Five of seven Japanese scuba divers who disappeared Friday off the Indonesian island of Bali have been found alive.
The women were found hanging onto a coral reef and were suffering from hypothermia and dehydration. BBC reports they had drifted more than 12 miles from where they disappeared in heavy winds and rain.
The Telegraph reports the dive boat's skipper was following the divers for about 20 minutes when it started raining, making the water very cloudy and causing him to lose track of them.
He then moved the boat to a location where the divers were supposed to resurface at a certain time, but they never did. (Via WSWP)
A Bali police spokesman initially said one of the bodies of the missing divers had been found, but he later retracted his statement.
According to BBC, two of the divers in the group are instructors who accompanied five tourists on a scuba diving excursion. One of the instructors and another tourist are still missing.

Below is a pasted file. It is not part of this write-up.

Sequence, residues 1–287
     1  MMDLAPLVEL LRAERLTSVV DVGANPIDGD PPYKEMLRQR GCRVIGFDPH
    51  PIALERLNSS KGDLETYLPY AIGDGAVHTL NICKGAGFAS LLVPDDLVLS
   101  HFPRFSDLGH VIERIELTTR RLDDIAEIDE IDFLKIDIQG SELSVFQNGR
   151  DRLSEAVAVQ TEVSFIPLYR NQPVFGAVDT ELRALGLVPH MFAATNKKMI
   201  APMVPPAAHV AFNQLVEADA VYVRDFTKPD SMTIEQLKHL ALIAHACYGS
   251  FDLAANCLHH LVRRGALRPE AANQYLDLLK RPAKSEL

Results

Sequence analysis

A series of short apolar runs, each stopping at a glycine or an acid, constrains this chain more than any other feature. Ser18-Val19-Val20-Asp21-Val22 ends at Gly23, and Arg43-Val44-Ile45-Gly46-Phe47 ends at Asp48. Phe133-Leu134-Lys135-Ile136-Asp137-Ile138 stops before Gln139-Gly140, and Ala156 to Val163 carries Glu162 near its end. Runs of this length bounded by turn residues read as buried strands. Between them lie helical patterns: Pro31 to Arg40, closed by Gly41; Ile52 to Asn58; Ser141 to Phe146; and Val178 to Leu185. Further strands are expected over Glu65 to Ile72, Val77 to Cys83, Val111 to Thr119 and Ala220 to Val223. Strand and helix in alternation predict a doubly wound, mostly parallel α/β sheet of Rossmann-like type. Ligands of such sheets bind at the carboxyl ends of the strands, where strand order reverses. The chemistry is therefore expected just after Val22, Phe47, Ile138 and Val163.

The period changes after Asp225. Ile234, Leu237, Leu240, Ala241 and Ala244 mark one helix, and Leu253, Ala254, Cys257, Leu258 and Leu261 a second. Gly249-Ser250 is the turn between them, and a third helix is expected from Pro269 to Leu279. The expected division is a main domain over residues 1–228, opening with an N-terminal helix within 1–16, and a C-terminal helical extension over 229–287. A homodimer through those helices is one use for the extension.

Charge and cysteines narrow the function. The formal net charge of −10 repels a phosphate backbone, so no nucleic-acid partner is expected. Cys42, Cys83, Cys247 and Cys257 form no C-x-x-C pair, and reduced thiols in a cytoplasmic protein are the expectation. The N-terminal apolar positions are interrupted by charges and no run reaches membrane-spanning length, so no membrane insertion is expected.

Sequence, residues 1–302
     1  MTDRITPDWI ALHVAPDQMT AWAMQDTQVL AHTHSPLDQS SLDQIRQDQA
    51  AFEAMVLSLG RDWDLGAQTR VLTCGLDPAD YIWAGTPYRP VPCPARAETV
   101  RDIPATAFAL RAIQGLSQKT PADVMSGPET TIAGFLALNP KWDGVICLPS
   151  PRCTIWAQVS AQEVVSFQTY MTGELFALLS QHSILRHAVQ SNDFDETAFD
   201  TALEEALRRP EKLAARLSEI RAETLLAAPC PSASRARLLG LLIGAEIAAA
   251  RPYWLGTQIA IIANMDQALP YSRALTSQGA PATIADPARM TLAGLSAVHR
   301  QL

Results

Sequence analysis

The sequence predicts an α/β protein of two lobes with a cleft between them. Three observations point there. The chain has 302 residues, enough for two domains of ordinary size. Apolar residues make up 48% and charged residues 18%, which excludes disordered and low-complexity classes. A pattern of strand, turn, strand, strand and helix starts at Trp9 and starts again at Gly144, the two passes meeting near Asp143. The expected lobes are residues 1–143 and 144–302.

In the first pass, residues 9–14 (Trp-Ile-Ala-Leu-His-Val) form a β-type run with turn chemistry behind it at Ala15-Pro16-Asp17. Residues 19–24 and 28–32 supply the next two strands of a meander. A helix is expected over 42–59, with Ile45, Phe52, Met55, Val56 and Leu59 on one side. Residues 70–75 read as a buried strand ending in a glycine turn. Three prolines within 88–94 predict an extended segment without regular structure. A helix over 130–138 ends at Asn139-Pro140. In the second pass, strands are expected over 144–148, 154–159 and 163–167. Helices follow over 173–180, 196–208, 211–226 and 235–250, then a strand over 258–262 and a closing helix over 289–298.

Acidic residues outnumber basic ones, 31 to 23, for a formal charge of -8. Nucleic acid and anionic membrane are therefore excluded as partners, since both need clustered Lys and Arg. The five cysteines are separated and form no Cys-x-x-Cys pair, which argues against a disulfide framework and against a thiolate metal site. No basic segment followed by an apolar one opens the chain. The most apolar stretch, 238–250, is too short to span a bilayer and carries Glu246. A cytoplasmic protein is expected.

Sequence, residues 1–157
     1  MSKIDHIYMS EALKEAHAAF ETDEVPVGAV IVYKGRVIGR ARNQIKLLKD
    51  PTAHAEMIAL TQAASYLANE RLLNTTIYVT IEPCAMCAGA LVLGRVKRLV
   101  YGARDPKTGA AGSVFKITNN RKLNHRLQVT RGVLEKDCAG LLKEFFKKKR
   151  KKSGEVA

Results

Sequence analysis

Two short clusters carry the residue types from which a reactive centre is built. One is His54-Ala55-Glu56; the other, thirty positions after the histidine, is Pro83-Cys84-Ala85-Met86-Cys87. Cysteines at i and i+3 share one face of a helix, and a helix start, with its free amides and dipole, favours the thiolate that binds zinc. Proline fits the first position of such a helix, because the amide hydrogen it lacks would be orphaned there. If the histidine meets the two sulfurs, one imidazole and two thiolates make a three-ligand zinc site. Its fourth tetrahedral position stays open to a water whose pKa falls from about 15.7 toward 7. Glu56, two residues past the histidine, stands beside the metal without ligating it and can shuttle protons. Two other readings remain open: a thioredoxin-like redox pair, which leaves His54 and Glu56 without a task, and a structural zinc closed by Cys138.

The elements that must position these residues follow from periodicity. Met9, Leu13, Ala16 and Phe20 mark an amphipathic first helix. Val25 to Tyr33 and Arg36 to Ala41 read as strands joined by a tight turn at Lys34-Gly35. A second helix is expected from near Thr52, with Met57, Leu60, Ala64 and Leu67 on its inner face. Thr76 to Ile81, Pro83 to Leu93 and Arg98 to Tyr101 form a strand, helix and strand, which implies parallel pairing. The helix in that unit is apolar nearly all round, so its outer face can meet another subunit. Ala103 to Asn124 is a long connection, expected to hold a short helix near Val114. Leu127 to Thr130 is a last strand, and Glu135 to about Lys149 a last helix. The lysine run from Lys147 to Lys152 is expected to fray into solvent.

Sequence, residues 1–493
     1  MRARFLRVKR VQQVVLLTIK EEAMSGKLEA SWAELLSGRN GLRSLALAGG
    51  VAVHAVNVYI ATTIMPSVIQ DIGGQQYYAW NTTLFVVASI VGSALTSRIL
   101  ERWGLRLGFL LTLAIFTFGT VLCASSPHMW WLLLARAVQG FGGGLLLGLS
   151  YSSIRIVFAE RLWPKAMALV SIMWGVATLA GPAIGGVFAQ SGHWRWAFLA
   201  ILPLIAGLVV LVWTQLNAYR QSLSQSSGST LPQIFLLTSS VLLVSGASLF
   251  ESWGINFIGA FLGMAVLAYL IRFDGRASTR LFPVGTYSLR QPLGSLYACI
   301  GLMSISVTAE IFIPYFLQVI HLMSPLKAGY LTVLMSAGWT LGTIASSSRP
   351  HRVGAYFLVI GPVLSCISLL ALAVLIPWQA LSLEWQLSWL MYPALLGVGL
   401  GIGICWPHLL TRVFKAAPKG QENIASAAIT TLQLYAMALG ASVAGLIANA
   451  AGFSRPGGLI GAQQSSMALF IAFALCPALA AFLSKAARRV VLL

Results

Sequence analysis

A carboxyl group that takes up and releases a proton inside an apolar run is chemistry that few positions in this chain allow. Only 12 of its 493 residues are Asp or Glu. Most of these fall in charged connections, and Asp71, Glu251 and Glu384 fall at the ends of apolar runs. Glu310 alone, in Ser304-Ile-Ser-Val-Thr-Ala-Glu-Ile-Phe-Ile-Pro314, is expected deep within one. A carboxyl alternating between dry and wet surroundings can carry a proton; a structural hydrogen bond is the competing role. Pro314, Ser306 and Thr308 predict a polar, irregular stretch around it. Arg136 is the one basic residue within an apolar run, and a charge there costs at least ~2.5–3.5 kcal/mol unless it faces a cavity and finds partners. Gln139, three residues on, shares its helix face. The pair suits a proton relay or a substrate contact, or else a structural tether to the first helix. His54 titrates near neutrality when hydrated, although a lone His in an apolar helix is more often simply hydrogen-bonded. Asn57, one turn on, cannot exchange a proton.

Divers in Bali have gotten lost in treacherous waters before. Some have even died.
According to The Wall Street Journal, the island is a popular scuba diving destination among foreigners because of its coral reefs and clear visibility. But strong currents can make for dangerous conditions, even for experienced divers. (Via YouTube / Russell Taylor)
According to NBC, eight European divers went missing in 2012 for six hours when they ran into high waves after their skipper took an unfamiliar route.
Also in 2012, police cautioned diving operators about taking divers to the site after two other divers were killed there, according to The Wall Street Journal.
The rescued Japanese divers were transported to a hospital, and officials say they're in stable condition. Rescue crews will continue the search for the other two missing divers Tuesday.